Brown Bear Facts (and a sneaky peak into our Bear Photography Workshop)
Alaska’s Lake Clark National Park is bear photography heaven. Ninety-five percent of the brown bear population in the United States live in Alaska, and a large portion of them are found in Lake Clark. The large amount of bears, the fact that the animals are very relaxed around humans, and the park’s diverse and stunning vistas make this the perfect setting for our Brown Bear Photography Workshop in Alaska. Come explore this remote wilderness area with us, sharpen your photography skills through tutoring by Barrett Hedges, and return home with a portfolio of amazing bear photography.
But let’s first have a look at some fun fact about these impressive animals.
- Contrary to what their name suggests, brown bears aren’t just brown; they range in colour from dark to reddish brown to cream toned.
- There are many subspecies of brown bears that vary in different geographical areas. The well-known grizzly bear, for example, is a subspecies.
- Brown bears dig cozy caves with their claws, and during hibernation their heart beat slows down 10 times and their body temperature drops. Over the winter, a grizzly bear can lose until 150 pounds.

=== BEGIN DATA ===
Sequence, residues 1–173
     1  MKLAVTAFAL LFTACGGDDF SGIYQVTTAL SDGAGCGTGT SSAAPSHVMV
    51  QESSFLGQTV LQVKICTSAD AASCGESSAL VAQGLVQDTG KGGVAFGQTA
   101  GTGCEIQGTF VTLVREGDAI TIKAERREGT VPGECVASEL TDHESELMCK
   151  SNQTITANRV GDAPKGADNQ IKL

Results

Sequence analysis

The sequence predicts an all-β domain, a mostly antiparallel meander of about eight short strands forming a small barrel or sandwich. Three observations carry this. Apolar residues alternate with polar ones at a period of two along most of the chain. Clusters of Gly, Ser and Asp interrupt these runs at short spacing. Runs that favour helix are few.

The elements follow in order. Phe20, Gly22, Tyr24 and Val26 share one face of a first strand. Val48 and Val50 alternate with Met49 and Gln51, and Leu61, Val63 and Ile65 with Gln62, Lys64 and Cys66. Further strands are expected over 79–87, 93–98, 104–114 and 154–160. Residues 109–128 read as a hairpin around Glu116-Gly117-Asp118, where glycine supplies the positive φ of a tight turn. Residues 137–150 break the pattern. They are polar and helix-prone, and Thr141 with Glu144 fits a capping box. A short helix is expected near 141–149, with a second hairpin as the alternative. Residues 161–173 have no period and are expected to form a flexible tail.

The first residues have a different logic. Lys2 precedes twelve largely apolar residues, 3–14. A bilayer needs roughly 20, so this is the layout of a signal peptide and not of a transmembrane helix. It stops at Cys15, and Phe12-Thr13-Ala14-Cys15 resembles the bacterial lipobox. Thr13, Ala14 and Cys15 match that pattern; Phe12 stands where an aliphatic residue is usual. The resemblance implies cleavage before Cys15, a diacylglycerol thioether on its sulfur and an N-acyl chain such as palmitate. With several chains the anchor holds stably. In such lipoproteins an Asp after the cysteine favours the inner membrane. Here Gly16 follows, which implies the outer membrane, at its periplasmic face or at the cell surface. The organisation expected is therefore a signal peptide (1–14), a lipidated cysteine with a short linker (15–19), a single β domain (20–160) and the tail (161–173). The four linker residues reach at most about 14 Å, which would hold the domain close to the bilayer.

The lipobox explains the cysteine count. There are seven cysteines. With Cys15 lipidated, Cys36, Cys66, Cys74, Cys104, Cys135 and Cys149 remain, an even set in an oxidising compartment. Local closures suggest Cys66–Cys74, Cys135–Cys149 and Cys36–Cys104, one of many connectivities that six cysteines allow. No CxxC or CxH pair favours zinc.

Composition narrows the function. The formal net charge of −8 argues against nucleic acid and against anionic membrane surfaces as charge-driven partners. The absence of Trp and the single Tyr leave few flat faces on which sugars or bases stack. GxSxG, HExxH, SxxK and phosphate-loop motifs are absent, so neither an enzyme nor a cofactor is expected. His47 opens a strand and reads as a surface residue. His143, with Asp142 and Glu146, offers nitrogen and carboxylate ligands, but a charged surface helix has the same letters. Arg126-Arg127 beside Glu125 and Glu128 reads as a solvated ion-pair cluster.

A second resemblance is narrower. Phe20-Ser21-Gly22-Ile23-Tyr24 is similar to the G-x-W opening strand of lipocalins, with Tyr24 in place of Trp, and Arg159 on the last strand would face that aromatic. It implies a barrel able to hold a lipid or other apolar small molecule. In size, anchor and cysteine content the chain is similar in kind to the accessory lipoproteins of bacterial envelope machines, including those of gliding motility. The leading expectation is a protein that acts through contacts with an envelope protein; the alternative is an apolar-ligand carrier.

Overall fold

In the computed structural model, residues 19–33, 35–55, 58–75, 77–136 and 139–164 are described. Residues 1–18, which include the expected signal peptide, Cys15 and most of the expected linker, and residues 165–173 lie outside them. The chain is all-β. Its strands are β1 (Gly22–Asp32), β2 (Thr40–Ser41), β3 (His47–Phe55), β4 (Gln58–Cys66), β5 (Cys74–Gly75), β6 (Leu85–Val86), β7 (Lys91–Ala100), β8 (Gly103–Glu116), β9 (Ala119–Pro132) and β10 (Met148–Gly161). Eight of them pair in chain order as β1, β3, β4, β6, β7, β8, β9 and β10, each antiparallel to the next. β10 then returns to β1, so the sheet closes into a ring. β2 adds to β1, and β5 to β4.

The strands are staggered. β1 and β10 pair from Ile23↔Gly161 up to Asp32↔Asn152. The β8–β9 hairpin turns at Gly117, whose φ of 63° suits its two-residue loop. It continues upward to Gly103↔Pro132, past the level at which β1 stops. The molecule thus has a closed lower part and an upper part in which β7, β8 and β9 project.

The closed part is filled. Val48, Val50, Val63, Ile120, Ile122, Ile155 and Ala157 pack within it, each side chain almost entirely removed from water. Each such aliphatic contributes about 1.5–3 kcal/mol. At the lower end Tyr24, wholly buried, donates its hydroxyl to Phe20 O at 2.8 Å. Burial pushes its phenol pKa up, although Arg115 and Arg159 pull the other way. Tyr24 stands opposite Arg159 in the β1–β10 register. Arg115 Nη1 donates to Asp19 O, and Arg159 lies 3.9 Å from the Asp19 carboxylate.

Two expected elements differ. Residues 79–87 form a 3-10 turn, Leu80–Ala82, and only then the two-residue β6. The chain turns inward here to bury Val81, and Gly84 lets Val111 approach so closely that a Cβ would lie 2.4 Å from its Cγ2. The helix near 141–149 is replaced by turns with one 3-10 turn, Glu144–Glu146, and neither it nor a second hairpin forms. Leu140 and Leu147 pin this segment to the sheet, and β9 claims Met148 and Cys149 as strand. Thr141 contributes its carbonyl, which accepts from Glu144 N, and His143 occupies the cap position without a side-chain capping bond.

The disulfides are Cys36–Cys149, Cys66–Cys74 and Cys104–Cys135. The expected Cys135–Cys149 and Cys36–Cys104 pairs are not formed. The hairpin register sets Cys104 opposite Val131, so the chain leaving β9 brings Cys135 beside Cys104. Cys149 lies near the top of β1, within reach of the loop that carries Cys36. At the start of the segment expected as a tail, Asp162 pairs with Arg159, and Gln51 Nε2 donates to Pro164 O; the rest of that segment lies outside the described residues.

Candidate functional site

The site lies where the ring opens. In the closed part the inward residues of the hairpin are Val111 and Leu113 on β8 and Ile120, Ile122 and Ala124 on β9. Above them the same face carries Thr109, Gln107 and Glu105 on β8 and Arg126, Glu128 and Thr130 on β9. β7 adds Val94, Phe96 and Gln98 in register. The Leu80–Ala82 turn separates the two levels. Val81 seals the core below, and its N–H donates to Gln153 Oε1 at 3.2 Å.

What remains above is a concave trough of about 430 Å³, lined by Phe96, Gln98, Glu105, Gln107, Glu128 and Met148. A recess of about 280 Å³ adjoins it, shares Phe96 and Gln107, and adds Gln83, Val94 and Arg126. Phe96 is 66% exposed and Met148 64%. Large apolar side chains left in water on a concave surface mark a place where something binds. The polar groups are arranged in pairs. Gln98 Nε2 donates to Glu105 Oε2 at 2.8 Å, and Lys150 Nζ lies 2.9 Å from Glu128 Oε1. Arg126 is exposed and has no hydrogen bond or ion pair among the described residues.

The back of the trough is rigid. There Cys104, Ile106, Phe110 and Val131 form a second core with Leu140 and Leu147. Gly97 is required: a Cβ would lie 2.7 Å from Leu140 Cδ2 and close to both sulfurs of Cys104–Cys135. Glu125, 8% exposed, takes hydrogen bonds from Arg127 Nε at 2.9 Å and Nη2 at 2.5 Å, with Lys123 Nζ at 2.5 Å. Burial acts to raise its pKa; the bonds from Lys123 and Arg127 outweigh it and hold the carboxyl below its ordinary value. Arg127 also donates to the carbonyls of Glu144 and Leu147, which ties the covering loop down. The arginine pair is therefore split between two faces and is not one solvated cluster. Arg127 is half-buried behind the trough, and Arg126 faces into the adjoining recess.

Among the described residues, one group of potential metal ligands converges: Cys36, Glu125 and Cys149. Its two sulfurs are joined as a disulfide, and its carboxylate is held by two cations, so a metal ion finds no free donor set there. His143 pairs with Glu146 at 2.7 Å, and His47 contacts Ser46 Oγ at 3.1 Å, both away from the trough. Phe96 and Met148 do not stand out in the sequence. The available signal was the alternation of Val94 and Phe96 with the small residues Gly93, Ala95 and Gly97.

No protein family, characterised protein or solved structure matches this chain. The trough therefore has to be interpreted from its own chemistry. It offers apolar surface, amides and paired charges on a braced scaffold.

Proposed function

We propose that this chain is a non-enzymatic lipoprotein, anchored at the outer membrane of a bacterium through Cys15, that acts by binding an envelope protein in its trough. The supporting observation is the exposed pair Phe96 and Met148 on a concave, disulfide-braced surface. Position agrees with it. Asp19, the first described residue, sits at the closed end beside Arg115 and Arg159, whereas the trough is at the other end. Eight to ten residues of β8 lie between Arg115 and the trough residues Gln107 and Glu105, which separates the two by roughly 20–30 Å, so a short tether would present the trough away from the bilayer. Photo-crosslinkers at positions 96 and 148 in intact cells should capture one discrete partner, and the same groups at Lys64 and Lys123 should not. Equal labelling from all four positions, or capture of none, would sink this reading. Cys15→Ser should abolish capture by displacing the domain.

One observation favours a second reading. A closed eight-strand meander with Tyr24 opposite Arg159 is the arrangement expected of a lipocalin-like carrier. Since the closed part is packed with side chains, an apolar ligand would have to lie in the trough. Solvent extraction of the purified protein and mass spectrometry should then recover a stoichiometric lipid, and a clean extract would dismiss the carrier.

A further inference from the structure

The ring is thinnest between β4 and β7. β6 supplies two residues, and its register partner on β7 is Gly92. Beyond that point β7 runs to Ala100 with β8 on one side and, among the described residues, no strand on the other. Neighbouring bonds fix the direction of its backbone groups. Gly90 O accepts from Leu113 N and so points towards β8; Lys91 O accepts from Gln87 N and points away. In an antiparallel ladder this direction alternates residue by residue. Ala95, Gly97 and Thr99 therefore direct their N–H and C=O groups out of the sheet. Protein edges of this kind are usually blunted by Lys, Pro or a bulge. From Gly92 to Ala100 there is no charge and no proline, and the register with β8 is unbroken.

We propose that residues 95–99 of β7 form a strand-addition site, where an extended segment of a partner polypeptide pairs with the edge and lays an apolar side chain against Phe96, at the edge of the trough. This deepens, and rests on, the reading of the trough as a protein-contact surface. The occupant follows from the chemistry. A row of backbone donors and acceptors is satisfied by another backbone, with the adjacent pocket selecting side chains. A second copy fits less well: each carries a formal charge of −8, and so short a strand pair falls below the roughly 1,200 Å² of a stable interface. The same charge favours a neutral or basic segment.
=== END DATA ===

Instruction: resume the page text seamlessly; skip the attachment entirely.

- Brown bears will eat just about anything. For instance, brown bears gorge on moths, and a male can eat 40,000 of them a day.
- Male brown bears can tower 10 feet tall and weigh over 1,200 pounds, depending on their diet.
- The salmon diet help coastal bears grow larger than their inland cousins.
- Brown bears roam in enormous territories of up to a thousand square miles.
- California’s state animal is the grizzly bear, even though it went extinct there in the 1920s. The animal on the current flag of California is claimed to have been modelled on the last Californian grizzly bear in captivity called Monarch.
- Play-fighting helps establish hierarchy among young brown bears. These animals have a system of social interactions communicated through body posturing, scent, and vocalisation.
- Brown bears can climb trees to eat or escape predators, but only when they are cubs. As they become adults they are too heavy for climbing.
Find out more about our upcoming Bear Photography Workshops in Alaska!
Images by Barrett Hedges.